June 14 2021 08:44 AM

SNWA has identified about 5,000 acres of unused turf in the Las Vegas Valley.

On June 5, Gov. Steve Sisolak of Nevada signed into law legislation supported by the Southern Nevada Water Authority, local municipalities and businesses leaders that will help advance Southern Nevada’s water conservation goals and water efficiency efforts.

Assembly Bill 356 prohibits the use of Colorado River water delivered by SNWA member agencies from being used to irrigate non-functional grass by 2027. This requires the replacement of non-functional grass (decorative grass in streetscapes, medians, parking lots and other areas where it is used for aesthetics and not recreational purposes) by Dec. 31, 2026.

“We’re extremely appreciative of Gov. Sisolak and the Nevada Legislature for approving this measure, which will enable the community to expand on its commitment to conserving water in the face of ongoing drought conditions and climate change,” says John Entsminger, SNWA general manager.

The SNWA has identified about 5,000 acres of unused, non-functional turf in the Las Vegas Valley. The new law does not apply to grass at single-family homes, where 1,000 acres of non-functional grass remain, nor recreational grass found at schools and parks throughout the community.

“By upgrading unused grass to water-smart landscaping, we can save more than 9.5 billion gallons of water annually, which represents about 10% of our total annual water supply from the Colorado River at Lake Mead,” says Entsminger.

By comparison, resort hotels along the Las Vegas Strip and throughout Southern Nevada collectively consume about 4% of the community’s water supply.

To implement and coordinate the required turf replacements, the SNWA board of directors will appoint a nine-member advisory committee, comprised of representatives from the business community; owners of office parks, industrial or commercial properties; community associations; multi-family housing; environmental organizations; and golf industry.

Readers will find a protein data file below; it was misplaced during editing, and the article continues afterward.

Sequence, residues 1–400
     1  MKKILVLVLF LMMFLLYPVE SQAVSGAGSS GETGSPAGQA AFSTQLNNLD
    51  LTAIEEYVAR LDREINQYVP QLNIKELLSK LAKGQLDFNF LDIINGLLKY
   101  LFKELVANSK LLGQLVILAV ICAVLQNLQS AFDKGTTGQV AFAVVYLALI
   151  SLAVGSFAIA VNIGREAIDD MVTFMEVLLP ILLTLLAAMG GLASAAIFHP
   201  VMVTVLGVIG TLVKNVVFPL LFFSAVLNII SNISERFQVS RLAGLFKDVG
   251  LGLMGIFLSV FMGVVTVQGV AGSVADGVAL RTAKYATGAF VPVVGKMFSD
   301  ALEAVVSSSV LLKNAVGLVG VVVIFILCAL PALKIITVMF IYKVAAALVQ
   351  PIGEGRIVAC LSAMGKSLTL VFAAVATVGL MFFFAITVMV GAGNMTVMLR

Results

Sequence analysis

Entsminger says businesses and community associations should take advantage of the SNWA’s Water Smart Landscapes Rebate program to convert unused grass to water-smart landscaping. WSL provides a cash incentive of $3 per square foot of turf removed. Since its launch in 2000, businesses and residents have replaced about 198 million square feet of grass with drip-irrigated landscaping.

“Our research has found more than 70% of homeowners support their HOA’s efforts to replace grass with drip-irrigated landscaping,” Entsminger says. “Residential customers have been doing their part to replace grass through the Water Smart Landscapes program, and this legislation will help the rest of the community to do the same.”

Entsminger said the legislation was needed to help spur the community into additional action to reduce non-functional grass landscapes and conserve water resources.

“Replacing non-functional turf from Southern Nevada will allow for more sustainable and efficient use of resources, build resiliency to climate change, and help ensure the community’s current and future water needs continue to be met,” Entsminger says.

WSL is one of many SNWA incentive programs and ordinances geared to encouraging water conservation throughout the community. These include mandatory seasonal watering schedules and fines levied against property owners who waste water.